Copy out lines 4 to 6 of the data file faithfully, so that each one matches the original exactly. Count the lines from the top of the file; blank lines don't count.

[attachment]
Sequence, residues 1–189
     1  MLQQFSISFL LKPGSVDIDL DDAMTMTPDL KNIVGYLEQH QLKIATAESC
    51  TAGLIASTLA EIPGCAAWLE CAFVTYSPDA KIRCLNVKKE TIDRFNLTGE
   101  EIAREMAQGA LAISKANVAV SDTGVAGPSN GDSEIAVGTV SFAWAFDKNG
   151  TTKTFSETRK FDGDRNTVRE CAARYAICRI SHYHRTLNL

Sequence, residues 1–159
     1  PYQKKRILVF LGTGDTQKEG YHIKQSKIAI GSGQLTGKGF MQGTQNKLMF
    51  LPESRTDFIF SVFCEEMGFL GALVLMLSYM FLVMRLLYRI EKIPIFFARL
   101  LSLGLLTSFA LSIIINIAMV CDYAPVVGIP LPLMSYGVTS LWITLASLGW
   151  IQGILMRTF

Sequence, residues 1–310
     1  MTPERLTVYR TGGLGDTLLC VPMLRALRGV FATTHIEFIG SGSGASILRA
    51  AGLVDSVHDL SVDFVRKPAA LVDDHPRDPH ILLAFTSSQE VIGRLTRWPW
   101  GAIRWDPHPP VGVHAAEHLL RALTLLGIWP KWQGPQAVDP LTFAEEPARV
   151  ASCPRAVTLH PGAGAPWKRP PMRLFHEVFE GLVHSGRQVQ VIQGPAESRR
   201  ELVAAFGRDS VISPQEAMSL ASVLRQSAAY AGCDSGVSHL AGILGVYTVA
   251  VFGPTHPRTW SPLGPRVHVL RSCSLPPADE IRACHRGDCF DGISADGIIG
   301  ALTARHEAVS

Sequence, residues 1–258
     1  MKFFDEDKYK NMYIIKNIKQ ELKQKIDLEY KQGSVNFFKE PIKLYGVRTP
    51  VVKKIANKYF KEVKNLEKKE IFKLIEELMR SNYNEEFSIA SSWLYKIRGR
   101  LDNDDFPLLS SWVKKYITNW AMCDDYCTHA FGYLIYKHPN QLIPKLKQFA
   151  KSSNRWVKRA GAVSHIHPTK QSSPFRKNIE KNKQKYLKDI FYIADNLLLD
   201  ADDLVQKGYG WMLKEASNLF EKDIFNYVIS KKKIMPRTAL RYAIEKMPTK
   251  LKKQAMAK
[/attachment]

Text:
   101  EIAREMAQGA LAISKANVAV SDTGVAGPSN GDSEIAVGTV SFAWAFDKNG
   151  TTKTFSETRK FDGDRNTVRE CAARYAICRI SHYHRTLNL

Sequence, residues 1–159